Abstract: We analyze the outsourcing decision of a firm for a key input of a final good production to an independent input supplier even though the firm has an option of producing that key input in-house at a lower cost with a better technology. We find that for smaller technology gap with the independent input supplier the firm would outsource and for larger technology gap it would produce the input in-house for itself and for its rivals. The outsourcing occurs in order to take advantage of its sale of superior technology to the independent input supplier at a high payment although it involves a high price for the input to be acquired from the monopoly input supplier. Though the firm gains from strategic outsourcing, consumers’ welfare as well as social welfare goes down.
    Keywords: outsourcing; technology transfer; vertical structure; competition; welfare
    JEL: D43 L22 L23 L24
    Date: 2011–08
  6. By: Ronald M Harstad
    Abstract: Potential bidders respond to a sellerfs choice of auction mechanism for a common-value or affiliated-values asset by endogenous decisions whether to incur an information-acquisition cost (and observe a private estimate), or forgo competing. Privately informed participants decide whether to incur a bid-preparation cost and pay an entry fee, or cease competing. Auction rules and information flows are quite general; participation decisions may be simultaneous or sequential. The resulting revenue identity for any auction mechanism implies that optimal auctions are allocatively efficient; a nontrivial reserve price is revenue-inferior. Optimal auctions are otherwise contentless: any auction that sells without reserve becomes optimal by adjusting any one of the continuous, spanning parameters, e.g., the entry fee. Sellerfs surplus-extracting tools are now substitutes, not complements. Many econometric studies of auction markets are seen to be flawed in their identification of the number of bidders.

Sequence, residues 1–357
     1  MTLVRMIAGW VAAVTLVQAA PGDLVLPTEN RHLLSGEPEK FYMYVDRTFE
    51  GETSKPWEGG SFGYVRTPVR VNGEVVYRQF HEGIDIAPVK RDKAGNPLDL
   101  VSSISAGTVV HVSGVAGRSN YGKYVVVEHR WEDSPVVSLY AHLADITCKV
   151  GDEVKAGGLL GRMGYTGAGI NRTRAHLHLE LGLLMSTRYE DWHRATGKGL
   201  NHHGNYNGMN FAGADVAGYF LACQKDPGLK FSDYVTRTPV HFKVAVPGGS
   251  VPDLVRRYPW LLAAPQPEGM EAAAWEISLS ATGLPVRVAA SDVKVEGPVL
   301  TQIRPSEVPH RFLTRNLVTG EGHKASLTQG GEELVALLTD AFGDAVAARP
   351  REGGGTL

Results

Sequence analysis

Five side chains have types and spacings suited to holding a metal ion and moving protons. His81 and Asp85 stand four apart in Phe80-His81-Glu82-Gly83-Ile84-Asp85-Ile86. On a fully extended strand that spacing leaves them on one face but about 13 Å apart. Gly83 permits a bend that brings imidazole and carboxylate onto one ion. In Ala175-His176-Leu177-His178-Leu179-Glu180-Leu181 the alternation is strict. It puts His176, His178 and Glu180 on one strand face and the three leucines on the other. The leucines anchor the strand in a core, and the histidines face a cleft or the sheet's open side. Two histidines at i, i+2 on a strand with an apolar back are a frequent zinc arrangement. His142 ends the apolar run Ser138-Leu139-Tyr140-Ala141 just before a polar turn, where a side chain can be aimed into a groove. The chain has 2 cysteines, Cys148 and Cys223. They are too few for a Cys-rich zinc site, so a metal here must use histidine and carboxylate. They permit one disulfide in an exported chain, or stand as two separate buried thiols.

Date: 2011–09
  7. By: Michele Boldrin; Juan C Allamand; David K Levine; Carmine Ornaghi
    Date: 2011–08–29
  8. By: Ralph M. Sonenshine
    Abstract: A number of empirical studies have shown that negative abnormal returns often result shortly after a once promising merger is consummated. There are few consistent explanations, however, as to why so many mergers result in such poor performance. This paper sheds light on this issue by examining the effect that structural factors (including market concentration and R&D intensity) have on post-merger abnormal returns. The paper also attempts to assess how differences in valuation among bidders, along with the presence of multiple bidders, influencethe performance of the merged firm. Our findings show that firm value is positively impacted in the first one to three years post merger by acquiring related assets, but that participating in a merger wave in these years has a negative influence. Over longer periods of time these effects are not evident and instead post-merger performance is impacted foremost by intangible asset intensity.
    Keywords: Mergers, Challenges, Abnormal Returns, Research and Development (R&D), Market Concentration
    Date: 2011–07
  9. By: Fanti, Luciano; Gori, Luca